Well? What do you think about it?
I’m asking because I’ve just read a short essay that Professor Jim Macnamara wrote for a great report called Public Relations 2011, Issues, Insights, Ideas*. Titled PR Education – Getting the Theory-Practice Balance Right, the premise of his article is that PR students need more theory. By theory Jim means knowledge and critical thinking so universities don’t over-emphasise practical skills or place too little emphasis on producing graduates who can think outside the square, challenge current practices, envisage the future and participate in wider debates of society.
I agree with Jim, in part.
The great thing about uni is that you learn how you to use your own brain and to have an opinion. However after uni, I think that people will question, challenge and participate in wider debates, not because uni taught them to, but because it’s in their nature to continue to do so. Most people are happy to do a good job and progress in their chosen profession, only some are interested in challenging the status quo. I believe this is a trait inherent to the individual.
I agree there should be a theory-practice balance. My question is, have we got the type of theory and the type of practice wrong?
The more I researched and thought about this post, the deeper and more complex the issue got, so instead of trying to solve the problem of PR education (impossible in one post and Jim is probably more qualified to do this anyway) I’m going to mention the two things that bother me when I reflect on my PR education:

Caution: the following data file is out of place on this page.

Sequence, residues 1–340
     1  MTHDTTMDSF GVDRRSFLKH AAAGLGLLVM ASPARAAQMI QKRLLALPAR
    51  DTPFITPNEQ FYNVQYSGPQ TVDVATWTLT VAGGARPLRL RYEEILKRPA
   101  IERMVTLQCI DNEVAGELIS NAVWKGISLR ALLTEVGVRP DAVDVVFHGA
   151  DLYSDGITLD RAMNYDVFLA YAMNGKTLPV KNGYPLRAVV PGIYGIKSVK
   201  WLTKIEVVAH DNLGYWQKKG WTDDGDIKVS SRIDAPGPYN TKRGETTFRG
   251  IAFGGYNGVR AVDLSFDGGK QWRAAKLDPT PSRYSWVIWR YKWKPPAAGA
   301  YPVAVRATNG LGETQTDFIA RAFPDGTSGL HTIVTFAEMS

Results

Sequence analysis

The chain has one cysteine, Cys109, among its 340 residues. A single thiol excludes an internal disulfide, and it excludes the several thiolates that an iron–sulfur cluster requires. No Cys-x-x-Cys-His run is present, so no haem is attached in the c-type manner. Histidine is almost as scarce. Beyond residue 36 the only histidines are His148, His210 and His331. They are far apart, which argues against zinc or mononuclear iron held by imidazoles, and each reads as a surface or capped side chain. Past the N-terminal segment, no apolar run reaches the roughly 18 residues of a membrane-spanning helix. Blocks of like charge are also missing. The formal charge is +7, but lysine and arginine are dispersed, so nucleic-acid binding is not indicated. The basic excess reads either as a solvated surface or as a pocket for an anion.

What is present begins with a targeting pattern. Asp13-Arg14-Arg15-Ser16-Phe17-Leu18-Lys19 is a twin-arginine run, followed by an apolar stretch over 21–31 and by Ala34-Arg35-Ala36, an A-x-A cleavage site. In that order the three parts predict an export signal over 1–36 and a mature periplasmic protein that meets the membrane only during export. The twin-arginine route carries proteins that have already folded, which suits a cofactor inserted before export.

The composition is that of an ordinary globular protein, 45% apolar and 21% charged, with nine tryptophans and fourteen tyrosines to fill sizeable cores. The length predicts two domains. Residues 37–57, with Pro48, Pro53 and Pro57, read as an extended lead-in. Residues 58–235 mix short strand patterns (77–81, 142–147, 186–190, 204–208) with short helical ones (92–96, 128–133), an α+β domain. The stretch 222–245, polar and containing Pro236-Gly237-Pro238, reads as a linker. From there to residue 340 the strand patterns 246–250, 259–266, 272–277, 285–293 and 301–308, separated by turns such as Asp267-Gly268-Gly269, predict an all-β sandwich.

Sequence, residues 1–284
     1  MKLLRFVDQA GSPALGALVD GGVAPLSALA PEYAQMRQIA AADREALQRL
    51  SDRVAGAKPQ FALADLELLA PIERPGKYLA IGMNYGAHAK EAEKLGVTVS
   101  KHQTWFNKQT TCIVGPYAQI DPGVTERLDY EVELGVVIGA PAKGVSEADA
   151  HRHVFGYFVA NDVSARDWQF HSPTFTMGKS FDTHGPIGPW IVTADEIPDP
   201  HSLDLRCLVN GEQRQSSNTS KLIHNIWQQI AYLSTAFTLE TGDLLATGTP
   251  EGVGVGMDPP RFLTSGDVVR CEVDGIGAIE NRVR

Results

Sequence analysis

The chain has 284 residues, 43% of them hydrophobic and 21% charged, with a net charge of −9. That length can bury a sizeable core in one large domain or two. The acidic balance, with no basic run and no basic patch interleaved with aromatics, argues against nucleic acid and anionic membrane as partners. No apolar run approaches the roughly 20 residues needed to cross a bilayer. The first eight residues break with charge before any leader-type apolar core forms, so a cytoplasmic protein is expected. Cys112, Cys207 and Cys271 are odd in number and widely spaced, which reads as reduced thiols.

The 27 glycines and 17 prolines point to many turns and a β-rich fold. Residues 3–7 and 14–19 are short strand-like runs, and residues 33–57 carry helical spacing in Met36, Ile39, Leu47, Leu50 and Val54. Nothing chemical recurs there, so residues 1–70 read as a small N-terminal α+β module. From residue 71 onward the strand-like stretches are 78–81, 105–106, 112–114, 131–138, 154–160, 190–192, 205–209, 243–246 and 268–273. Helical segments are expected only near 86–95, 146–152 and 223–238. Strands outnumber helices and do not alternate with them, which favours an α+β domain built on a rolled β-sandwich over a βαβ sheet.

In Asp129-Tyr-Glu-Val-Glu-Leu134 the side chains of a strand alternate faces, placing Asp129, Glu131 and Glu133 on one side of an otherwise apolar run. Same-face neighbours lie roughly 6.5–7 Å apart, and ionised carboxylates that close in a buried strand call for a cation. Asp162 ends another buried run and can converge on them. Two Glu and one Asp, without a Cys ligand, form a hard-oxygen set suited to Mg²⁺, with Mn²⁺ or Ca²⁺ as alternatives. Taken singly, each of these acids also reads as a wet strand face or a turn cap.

1/ In my three years at UTS I did one writing subject (the core subject offered), so I was embarrassingly underprepared for PR style writing at work when the time came. For a profession that involves a lot of writing, my opinion is that writing should be a mandatory subject each year, so skills can be developed and honed over a longer period of time.
2/ On commencing work I quickly realised that I needed to know and understand the sales, marketing and sometimes complex distribution strategies of clients so I could understand my job – and I didn’t. Now if best practice PR is about linking communication objectives to business objectives and PR programs rarely operate in isolation and are usually (not always) governed by a marketing department or in smaller companies the business owner, why aren’t we arming students with a solid understanding of business and marketing?
So I don’t think it’s a case of more or less of either theory or practice, but we certainly need to address the content and topics of both. For the practical that might mean: more writing and more social media skills. For theory: more business, more marketing and more current technological and sociological trends as opposed to traditional cultural/political/social theory.
What do you think is missing or needed in PR education in Australia?
Posted by Renee Creer
*The essay is part of a report collated and edited by PR guy and fellow blogger, Craig Pearce. It includes some of the latest thinking on the PR industry by key professionals. The report covers a range of topics including, education, communications models, social media, crisis communications, CRS – all in 15 individual short essays.